Saturday, September 23, 2023

The Marion Apartments - 1297 Lexington Avenue


In 1896 architect Edward W. Gayle designed a five-story flat and store building at the northeast corner of Lexington Avenue and 87th Street.  Called the Marion, it was completed the following year.  The ground floor housed four stores, two on either side of the centered entrance.  The upper floors were clad in beige brick and trimmed in brownstone.  Gayle had successfully melded two currently popular styles.  Renaissance Revival was evidenced in the cast metal cornice, the overall orderly lines, and the centered entrance on Lexington Avenue.  The doorway sat within an engaged portico decorated with Renaissance style carvings atop a three-step stoop.  And yet, the chunky, undressed brownstone blocks that created the quoins and lintels of the arched, top-floor openings were influenced by Romanesque Revival.

A short stoop originally fronted the entrance.

The Marion filled with professional, financially-comfortable residents, as was evidenced in one lovelorn man's personal advertisement in the Utica Sunday Journal on August 8, 1899:

A wealthy gentleman, alone and quite lonely, will appreciate with all his heart a kind wife.  Genuine. 1297 Lexington ave. New York.

A well-known occupant was attorney Ira Edgar Rider.  Born on November 17, 1868, he had graduated from Saint Lawrence University.  In 1898, the same year that he married Sophia Regine Funke, he was appointed secretary to James Jay Coogan, president of the Board of Aldermen.  It was the first step in his political career.  The couple had one child, John Edgar Rider.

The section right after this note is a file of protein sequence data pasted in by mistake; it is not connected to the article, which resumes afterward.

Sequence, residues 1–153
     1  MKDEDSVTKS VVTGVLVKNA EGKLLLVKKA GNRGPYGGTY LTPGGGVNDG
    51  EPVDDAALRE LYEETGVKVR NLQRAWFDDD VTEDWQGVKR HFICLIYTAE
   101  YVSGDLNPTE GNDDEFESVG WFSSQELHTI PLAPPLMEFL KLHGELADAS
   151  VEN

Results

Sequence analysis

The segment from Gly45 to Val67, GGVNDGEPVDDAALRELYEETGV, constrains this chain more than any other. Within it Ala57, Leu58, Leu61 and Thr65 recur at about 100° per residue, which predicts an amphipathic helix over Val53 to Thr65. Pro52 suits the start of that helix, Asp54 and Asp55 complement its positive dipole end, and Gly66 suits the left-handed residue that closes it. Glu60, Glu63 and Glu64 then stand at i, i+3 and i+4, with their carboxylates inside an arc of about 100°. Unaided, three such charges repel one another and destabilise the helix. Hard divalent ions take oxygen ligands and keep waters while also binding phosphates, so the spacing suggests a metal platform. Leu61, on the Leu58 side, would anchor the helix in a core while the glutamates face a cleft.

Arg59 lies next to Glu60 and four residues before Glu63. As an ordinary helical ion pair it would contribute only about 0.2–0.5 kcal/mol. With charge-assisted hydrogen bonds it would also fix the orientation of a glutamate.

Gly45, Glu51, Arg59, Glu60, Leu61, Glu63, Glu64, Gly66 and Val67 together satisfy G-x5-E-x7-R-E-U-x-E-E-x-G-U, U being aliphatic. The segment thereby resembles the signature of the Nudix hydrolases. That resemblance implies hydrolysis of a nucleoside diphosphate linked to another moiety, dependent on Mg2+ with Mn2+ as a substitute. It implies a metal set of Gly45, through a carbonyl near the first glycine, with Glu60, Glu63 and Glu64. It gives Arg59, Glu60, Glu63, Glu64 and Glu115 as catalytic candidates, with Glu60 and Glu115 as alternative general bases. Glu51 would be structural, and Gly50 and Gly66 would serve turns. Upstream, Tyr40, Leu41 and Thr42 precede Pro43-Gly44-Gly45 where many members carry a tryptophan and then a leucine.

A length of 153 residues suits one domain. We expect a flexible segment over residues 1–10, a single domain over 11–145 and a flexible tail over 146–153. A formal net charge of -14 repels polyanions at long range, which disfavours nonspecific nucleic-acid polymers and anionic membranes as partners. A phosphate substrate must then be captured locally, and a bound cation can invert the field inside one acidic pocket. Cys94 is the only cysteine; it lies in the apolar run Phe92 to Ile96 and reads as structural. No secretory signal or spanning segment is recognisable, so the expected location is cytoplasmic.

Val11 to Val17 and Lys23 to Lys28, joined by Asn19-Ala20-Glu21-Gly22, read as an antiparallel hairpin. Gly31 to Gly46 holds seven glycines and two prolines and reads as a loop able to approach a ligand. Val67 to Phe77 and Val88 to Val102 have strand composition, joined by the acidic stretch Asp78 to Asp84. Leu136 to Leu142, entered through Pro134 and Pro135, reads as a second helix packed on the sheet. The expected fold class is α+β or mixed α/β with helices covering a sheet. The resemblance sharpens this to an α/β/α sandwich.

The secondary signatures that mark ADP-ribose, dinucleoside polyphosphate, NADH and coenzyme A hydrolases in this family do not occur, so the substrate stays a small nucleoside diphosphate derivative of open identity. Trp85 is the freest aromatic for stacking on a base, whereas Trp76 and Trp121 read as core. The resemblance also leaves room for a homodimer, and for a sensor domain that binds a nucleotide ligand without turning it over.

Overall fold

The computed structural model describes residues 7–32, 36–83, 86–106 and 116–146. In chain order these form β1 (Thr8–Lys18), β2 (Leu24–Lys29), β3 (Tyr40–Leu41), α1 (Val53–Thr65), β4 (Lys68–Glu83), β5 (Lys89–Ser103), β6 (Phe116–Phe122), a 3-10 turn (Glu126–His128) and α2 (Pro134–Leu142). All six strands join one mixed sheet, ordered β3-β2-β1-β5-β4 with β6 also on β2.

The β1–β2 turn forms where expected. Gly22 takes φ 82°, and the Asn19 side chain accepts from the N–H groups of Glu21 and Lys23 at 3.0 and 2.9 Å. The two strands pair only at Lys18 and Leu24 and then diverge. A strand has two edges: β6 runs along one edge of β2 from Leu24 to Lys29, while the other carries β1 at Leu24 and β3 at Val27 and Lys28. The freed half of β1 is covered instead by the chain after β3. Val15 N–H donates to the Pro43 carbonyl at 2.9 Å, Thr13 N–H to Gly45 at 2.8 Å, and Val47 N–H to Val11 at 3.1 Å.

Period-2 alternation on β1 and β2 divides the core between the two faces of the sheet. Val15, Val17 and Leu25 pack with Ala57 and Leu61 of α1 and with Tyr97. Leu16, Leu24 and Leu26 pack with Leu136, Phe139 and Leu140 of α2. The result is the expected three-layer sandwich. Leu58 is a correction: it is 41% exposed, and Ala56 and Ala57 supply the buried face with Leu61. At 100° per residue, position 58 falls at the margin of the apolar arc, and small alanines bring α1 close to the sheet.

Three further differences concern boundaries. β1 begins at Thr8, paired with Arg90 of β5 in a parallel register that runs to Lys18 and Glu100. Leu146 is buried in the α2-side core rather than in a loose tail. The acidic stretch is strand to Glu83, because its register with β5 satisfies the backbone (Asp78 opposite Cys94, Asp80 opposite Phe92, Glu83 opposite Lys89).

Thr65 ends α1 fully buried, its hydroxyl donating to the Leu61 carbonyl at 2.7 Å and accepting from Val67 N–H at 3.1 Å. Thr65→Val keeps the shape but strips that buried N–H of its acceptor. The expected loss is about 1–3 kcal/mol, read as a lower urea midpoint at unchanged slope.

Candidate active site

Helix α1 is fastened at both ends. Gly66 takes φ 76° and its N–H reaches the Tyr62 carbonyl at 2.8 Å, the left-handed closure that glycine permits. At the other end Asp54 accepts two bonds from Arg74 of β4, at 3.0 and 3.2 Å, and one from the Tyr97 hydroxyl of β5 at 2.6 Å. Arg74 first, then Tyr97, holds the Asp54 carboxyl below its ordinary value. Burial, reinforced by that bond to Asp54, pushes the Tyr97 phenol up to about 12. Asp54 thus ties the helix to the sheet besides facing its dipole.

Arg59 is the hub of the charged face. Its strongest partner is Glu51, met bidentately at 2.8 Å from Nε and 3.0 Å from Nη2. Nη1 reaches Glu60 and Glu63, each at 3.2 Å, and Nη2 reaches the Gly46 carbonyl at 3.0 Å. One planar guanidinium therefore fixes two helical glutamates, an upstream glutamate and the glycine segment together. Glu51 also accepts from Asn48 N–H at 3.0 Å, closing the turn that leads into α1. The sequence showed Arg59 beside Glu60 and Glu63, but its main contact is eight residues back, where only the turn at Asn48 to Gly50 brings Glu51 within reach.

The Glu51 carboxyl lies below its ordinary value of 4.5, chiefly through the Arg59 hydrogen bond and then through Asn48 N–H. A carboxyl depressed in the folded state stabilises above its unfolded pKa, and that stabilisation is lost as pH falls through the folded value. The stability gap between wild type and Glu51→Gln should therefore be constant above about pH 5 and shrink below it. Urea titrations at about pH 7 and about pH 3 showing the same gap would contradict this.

Ira Edgar Rider, The Brown Book: A Biographical Record of Public Officials of the City f New York for 1898-99 (copyright expired)

On October 3, 1902, The World reported, "The delegates in the Fourteenth Congressional District met at No. 1297 Lexington avenue, and named Ira E. Rider as the Democratic nominee."  Two weeks later, The Newtown Register noted, "The candidate for Congress in the fourteenth Congressional District has fully earned the new honor accorded him." 

Rider easily won that election.  But the Tammany bosses who ran the Democratic party in New York City soon found their  newest congressman was his own man.  And so Charles F. Murphy, also known as Boss Murphy and "Silent Charlie," chose a replacement.  In 1903 he offered Ira Rider "the Secretaryship of the Fire Department and the assurance that he would be well cared for by Tammany in the future," according to The New York Times, if he would resign.  Murphy intended to fill the seat with Charles A. Towne.

On January 22, 1904, The New York Times reported that Rider refused to resign his seat, "and Murphy, it is said, was sorely vexed as a result of this contumacy."  The following month, on February 14, The New York Times ran the headline, "Murphy Planning A Congress Shake-Up" and reported that the Tammany head planned "the greatest shake-up this Fall New York delegations have known in years."  Ira Rider apparently realized he had no future within the New York Democratic machine.  The article noted, "It is understood now, however, that when March 4, 1905 comes Mr. Rider will end his career, for the present at least, as Congressman."